Buffy The Vampire Slayer Season 9 #14
Buffy the Vampire Slayer: Season 9, #14
Publisher: Dark Horse Comics
Story: Jane Espenson & Drew Greenberg
Writer: Jane Espenson
Penciler: Karl Moline

Buffy the Vampire Slayer #14 is the highly advertised introduction of Billy the Vampire Slayer! Dark Horse Editorial has been working overtime to promote this new character who is unique in that he is a human male slayer, fighting the forces that go bump in the night with no super powers to speak of, just rigorous batman-esque training. Also, he likes boys.

The idea of a male slayer is not exactly a novel one in the Buffyverse. Angel introduced Gunn in its first season as a character unique because he was a human who could go toe to toe with vampires, and Xander was no slouch in the dusting department by the time the Scoobies left Sunnydale. We've already had "male slayers" in everything but title so, I'm less inclined to buy into the novelty of the character of Billy. But just because the hook isn't quite as unique as Scott Allie and company would have us believe doesn't make this a bad issue. Quite the opposite, this is one of the most enjoyable issues of this Season to date.

Espenson manages to really sell Billy as an interesting and likable protagonist in only a few pages. The thing that really makes you want to root for Billy is that even with so few people in his corner, he remains upbeat, chooses to be a part of the world, and fights back against the people who hate him for no other reason than he's different. Billy doesn't have a chip on his shoulder, he's a genuinely nice guy but that doesn't mean he's just gonna sit back and take anyone's crap.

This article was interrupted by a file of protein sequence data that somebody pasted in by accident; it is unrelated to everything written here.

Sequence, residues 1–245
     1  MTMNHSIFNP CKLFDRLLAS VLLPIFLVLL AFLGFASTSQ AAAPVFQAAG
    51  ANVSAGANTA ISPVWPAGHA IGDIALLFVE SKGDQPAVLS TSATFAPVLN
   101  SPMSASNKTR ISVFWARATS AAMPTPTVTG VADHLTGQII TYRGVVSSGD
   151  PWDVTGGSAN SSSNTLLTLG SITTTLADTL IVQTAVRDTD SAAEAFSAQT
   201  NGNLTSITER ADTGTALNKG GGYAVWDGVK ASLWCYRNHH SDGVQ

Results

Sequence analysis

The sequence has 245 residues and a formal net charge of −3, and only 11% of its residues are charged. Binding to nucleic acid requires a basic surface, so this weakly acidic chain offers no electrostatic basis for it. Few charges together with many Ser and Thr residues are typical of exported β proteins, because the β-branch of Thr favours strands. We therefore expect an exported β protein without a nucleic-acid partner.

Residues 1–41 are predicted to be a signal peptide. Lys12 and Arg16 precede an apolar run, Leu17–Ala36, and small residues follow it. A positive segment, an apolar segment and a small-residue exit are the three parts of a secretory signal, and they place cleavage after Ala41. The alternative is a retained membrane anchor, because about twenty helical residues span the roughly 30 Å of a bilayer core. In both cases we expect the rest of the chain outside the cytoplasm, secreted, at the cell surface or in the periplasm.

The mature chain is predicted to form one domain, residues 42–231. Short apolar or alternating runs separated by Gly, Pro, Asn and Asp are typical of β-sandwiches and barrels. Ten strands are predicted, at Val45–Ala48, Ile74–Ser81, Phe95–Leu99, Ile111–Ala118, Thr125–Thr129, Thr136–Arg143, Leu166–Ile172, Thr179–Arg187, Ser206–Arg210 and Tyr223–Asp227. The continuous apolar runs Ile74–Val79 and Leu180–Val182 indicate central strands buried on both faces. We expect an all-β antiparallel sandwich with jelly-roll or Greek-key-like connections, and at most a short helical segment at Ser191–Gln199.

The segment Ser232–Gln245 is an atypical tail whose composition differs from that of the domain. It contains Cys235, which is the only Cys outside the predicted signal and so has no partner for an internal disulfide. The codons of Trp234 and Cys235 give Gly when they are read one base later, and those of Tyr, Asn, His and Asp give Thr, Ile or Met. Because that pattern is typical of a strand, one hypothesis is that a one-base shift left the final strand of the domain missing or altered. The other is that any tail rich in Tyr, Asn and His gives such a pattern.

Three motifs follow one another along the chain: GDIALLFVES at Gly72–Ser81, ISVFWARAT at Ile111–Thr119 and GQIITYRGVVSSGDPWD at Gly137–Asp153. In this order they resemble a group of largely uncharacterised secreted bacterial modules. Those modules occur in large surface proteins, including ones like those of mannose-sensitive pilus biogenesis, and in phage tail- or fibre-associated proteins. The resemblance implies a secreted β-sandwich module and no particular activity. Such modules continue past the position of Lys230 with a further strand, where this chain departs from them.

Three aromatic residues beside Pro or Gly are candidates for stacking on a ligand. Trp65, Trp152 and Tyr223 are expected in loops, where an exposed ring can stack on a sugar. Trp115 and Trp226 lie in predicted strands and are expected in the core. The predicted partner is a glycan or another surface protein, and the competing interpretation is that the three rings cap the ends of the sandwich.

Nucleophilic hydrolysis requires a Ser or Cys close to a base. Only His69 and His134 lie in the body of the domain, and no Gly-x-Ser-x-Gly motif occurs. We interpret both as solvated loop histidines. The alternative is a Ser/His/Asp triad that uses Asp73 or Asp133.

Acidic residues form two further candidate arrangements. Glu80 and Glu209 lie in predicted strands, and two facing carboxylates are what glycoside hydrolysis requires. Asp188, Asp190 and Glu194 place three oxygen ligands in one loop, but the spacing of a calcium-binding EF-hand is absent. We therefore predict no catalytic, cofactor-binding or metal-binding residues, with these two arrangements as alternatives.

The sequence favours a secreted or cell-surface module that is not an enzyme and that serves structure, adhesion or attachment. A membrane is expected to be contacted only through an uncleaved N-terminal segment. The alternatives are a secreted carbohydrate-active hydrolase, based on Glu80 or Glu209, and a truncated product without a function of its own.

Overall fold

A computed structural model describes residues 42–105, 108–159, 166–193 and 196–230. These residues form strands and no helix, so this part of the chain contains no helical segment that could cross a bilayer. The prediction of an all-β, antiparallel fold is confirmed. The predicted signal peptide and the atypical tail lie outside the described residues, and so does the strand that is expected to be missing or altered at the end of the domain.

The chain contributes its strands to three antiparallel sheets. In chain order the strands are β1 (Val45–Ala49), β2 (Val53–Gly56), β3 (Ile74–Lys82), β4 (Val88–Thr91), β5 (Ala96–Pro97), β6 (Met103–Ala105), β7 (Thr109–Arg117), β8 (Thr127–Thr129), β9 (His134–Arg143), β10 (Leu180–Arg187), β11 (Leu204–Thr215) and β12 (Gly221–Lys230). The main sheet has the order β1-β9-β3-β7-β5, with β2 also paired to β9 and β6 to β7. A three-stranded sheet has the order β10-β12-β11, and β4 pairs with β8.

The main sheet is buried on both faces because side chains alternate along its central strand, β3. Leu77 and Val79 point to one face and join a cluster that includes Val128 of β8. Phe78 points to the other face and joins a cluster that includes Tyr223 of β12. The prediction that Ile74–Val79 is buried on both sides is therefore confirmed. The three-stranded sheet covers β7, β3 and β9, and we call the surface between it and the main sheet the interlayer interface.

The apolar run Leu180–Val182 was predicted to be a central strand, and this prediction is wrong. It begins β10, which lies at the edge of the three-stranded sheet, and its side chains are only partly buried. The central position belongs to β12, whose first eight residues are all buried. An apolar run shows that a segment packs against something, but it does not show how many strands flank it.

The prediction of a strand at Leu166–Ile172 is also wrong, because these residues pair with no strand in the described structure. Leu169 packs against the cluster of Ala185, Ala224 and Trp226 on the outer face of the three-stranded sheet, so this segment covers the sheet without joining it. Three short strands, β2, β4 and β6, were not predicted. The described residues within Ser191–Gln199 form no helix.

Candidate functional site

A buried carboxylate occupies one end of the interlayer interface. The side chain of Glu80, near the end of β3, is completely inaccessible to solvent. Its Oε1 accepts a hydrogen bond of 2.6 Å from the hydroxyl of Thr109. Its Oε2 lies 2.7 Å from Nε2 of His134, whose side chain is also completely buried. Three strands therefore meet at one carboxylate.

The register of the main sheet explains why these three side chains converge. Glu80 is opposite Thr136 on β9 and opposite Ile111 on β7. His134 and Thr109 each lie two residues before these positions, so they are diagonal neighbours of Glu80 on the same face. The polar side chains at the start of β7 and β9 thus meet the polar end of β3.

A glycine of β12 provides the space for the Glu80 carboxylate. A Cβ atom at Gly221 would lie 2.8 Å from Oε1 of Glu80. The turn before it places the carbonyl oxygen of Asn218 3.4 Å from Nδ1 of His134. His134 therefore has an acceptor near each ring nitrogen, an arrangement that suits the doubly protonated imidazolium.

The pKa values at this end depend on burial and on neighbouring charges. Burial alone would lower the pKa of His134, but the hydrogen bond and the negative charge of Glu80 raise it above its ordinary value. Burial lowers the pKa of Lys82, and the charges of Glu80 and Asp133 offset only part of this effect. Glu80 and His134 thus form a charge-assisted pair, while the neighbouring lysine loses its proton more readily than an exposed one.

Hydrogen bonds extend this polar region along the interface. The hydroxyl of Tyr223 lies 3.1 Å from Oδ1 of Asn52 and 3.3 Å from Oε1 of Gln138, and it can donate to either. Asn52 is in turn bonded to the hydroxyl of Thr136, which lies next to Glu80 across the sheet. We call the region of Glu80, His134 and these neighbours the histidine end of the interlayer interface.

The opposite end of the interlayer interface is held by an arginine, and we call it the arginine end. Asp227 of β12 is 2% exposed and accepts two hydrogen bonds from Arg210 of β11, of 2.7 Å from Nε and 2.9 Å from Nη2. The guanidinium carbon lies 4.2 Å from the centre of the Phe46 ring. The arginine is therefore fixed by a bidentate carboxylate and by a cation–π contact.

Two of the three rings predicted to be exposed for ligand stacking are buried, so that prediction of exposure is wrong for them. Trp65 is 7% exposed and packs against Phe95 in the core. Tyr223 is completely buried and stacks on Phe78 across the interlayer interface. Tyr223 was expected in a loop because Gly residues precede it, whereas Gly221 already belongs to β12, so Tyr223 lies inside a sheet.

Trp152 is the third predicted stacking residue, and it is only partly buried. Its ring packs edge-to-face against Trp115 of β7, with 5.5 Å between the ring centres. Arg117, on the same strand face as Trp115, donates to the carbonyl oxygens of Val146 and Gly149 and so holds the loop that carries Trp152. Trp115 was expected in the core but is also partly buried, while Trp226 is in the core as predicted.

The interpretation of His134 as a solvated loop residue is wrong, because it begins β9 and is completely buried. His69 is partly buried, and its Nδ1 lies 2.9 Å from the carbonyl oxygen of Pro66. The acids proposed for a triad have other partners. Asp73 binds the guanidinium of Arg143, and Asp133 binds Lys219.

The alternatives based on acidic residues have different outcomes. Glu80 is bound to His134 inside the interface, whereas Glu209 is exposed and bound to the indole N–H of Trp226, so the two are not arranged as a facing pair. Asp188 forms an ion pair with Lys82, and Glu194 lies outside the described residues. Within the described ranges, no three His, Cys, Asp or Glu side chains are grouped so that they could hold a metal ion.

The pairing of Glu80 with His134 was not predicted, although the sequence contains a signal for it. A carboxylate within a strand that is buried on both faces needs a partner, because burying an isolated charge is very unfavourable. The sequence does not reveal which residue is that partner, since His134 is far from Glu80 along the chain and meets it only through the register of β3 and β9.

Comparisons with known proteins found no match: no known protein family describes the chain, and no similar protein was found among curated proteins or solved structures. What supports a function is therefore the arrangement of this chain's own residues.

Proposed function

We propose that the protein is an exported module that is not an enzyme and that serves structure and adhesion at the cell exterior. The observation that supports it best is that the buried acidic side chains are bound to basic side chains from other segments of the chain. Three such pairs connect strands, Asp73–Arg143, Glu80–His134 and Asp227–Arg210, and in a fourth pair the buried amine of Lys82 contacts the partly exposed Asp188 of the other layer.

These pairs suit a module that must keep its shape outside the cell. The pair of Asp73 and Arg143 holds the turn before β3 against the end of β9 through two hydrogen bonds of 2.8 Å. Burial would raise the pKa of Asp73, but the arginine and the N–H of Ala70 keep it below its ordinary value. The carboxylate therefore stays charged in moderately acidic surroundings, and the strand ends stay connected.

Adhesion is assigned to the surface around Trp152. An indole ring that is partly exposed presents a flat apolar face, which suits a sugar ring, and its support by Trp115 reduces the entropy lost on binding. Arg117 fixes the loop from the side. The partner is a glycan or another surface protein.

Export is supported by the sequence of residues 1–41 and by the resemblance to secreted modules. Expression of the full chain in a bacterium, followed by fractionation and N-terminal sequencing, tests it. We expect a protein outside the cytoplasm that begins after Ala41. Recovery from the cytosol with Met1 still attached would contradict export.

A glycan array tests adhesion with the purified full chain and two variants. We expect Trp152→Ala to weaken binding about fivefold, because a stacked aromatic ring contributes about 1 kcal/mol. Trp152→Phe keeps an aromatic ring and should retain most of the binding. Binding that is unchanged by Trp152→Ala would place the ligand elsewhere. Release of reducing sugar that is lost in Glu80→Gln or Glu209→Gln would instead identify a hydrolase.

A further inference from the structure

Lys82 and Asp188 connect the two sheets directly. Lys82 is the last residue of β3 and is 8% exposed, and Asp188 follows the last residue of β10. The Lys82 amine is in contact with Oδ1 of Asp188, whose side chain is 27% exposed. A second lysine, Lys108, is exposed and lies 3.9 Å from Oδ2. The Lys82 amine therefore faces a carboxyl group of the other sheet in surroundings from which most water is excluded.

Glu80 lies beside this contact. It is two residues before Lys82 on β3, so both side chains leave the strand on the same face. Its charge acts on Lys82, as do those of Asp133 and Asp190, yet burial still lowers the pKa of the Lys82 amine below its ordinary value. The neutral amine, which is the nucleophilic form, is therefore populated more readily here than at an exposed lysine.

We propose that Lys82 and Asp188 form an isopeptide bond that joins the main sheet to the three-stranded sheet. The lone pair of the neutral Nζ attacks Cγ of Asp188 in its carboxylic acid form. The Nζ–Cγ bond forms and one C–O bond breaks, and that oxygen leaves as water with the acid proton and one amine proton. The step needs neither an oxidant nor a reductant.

Espenson had a bit of an issue making the jump from TV scripting to comics scripting in her first run on Buffy Season 8, however here she has worked out the kinks and crafts narration that is clever and easy to follow, and dialogue that feels natural and Whedony. My one complaint with the writing of this issue was the character of Devon. Devon is more plot device than character, showing up to tell Billy what he needs to know and suggesting a path for his future. It all seems a little too convenient for a story that had a really natural flow up until the final few pages.

Karl Moline is no stranger to the Buffy titles but this is not one of his stronger outings. In what is mostly a quiet, emotional story, Moline's exaggerated facial expressions don't capture the nuance necessary to really sell these scenes. Some of the action is also more confusing than it should be, requiring the reader to study certain panels to understand what has transpired. The most glaring example is when Devon rescues Billy from the jock turned Vampire. One minute Billy is about to die, the next he is on the roof of a garage with Devon, and it took me a couple rereads to notice Devon's arms grabbing Billy and pulling him up in the previous panel.

This is a fun standalone origin story that I might even have suspected would be Billy's only appearance in the Buffyverse had I not known better from advance solicitations. While bordering on after school special, this story never strays into eye rolling territory. Now that Billy has received his origin story, I'm sold on the character and look forward to when he pops up with the Scoobies in San Fran.

Grade B+

Tags: Buffy the Vampire Slayer
comments powered by Disqus